This one word is enough to terrify most buyers, and for good reason. Mold can represent a serious health issue and finding it in a home you are considering to buy is cause for immediate concern. This story is a perfect example.
259 Pilgrim Loop, Fremont is a bank-owned foreclosure so it comes with no reports or useful disclosures, of course. On the surface this is a relatively new home, 20 years old, and aside from the typical foreclosure neglect it does not seem to have been abused because I’ve seen much worse! It is listed at $1.375M and is in a neighborhood where homes should be selling for at least $200k more so it feels like the bank has priced it to move. I wrote an offer for a client and even though we were competing against 3 other buyers, we managed to get accepted. We are all very excited and of course at this point we launch our general inspection and due diligence investigation.
Since this is a huge home, the inspection actually took 5 hours! (I use a very thorough company). After coming down from the attic, Brad tells me “I found some mold up here” — the words I never want to hear. We both crawled back into the attic so he could show me what he found and sure enough, it looked just like the pictures he had shown me on his camera. There was mold growing from floor to ceiling along the “vapor barrier”, which is the tar-paper like material that protects the inside from the exterior siding before the stucco is applied.
I immediately engaged my mold specialist, Christina Lombardo of C&W Environmental, who did a thorough inspection a few days later. She confirmed the worst. At first, we hoped that the mold had been limited to the areas where we could see the vapor barrier in the gable ends of the upper walls of the attic near the roof. However, Christina found an area where she could see the siding from the attic area all the way to the ground and it was infected all the way down. It was not isolated, it was systemic.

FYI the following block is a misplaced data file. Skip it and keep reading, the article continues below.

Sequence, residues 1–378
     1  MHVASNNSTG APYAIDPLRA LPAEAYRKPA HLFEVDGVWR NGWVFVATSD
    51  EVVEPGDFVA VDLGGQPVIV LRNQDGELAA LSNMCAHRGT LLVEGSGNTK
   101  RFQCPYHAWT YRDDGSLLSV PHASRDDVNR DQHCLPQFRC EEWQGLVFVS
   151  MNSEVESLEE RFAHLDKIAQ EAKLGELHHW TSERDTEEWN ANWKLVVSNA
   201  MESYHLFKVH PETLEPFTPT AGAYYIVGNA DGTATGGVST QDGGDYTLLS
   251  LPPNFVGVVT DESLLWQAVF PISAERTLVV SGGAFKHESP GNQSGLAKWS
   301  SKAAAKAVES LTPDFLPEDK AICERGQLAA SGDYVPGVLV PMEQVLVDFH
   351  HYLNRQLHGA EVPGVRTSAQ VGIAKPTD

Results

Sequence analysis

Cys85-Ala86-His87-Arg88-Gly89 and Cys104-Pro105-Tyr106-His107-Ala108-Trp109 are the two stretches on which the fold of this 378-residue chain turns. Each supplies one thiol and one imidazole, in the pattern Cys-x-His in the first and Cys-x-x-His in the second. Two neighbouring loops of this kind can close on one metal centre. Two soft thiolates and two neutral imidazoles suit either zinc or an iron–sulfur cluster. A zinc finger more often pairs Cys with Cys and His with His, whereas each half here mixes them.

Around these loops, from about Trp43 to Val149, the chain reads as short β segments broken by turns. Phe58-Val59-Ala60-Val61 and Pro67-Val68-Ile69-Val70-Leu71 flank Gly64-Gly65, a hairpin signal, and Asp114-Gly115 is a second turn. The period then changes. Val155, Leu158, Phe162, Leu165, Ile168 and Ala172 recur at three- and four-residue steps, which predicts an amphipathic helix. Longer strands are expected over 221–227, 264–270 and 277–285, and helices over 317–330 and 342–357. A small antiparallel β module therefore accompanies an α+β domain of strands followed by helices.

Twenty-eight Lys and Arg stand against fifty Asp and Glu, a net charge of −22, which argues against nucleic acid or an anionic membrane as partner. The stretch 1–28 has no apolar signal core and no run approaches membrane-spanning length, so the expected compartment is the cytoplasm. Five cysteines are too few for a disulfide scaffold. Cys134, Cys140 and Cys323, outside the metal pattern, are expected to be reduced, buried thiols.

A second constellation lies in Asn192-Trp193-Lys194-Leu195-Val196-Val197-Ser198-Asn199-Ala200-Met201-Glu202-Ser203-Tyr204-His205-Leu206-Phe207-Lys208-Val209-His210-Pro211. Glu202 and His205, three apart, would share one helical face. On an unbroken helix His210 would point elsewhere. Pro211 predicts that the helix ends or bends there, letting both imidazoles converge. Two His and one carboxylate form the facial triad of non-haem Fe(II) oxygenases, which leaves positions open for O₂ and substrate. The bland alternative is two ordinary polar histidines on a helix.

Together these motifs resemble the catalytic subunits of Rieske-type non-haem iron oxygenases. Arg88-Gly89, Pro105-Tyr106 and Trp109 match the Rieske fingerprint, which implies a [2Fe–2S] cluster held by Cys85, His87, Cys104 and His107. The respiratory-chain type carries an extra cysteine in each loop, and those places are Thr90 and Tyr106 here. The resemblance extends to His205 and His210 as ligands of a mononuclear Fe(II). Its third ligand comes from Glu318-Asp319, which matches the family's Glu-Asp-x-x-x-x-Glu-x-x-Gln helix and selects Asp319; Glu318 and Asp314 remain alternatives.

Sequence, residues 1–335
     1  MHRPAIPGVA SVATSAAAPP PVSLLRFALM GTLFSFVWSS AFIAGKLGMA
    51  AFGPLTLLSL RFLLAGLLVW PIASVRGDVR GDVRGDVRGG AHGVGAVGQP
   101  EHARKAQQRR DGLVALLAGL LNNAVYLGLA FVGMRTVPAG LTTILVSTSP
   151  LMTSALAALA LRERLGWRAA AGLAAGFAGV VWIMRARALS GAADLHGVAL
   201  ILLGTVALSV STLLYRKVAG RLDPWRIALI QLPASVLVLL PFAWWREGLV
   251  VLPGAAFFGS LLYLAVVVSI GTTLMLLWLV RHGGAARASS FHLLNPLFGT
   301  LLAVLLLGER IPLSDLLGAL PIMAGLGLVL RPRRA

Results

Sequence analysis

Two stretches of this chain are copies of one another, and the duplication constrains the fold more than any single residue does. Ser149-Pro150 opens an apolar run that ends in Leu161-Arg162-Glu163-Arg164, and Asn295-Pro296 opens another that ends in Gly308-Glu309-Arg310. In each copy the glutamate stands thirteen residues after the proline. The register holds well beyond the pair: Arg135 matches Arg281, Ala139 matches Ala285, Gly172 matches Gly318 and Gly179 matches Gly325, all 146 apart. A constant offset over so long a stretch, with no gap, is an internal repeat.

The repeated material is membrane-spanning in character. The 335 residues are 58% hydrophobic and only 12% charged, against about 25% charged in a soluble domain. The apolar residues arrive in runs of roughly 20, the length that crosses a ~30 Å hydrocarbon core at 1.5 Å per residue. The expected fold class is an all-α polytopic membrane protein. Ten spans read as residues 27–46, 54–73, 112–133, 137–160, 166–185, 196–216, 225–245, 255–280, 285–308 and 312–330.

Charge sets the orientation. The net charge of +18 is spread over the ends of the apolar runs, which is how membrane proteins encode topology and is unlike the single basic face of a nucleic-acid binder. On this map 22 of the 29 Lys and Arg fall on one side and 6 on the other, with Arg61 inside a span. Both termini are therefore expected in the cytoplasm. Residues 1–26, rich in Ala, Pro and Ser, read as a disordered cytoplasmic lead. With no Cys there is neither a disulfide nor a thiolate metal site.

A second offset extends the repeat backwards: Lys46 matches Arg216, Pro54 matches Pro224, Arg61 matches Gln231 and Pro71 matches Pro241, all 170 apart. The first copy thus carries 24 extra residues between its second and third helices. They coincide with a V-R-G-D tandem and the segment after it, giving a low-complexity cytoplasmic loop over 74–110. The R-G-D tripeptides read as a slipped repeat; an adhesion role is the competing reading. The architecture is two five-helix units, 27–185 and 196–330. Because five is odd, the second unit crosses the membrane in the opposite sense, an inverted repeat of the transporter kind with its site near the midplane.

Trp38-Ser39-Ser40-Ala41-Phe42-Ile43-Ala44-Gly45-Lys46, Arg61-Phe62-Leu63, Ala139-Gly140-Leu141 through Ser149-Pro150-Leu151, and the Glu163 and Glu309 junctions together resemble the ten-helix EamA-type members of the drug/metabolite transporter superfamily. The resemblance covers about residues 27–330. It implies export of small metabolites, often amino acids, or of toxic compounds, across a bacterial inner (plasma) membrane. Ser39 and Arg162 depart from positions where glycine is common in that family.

The best way to remediate mold this extensive is to probably replace all the exterior siding and vapor barrier. After talking with an architect, we guessed this would be about a $100k job. Even if it is completely repaired, my clients felt they would never really feel comfortable in this house after discovering such a pervasive mold issue. I processed a contract cancellation and we are moving on. Thanks to my extended “team” of go-to people, we avoided a very scary situation.
It’s purely speculation on my part, but I believe this home has a serious defect from the original builder. I believe the builder improperly installed the “vapor barrier” and in fact it looked like they were running out of a particular material and switched to something else partway through construction. Even worse, I also think the builder cut corners by not installing any plywood behind the stucco and vapor barrier, thus allowing this condition to grow over the last 20 years.
If you are considering an offer on this property, please note that as of July 1, 2011 the seller and listing agent had copies of my general inspection and mold report ( Download 259 Pilgrim Loop – Report of Findings). If you live in this Mission Hills Fremont neighborhood in a home built about the same time (and have stucco siding), I strongly recommend you go into your attic and look at the gable-end walls and see if there is any mold growth.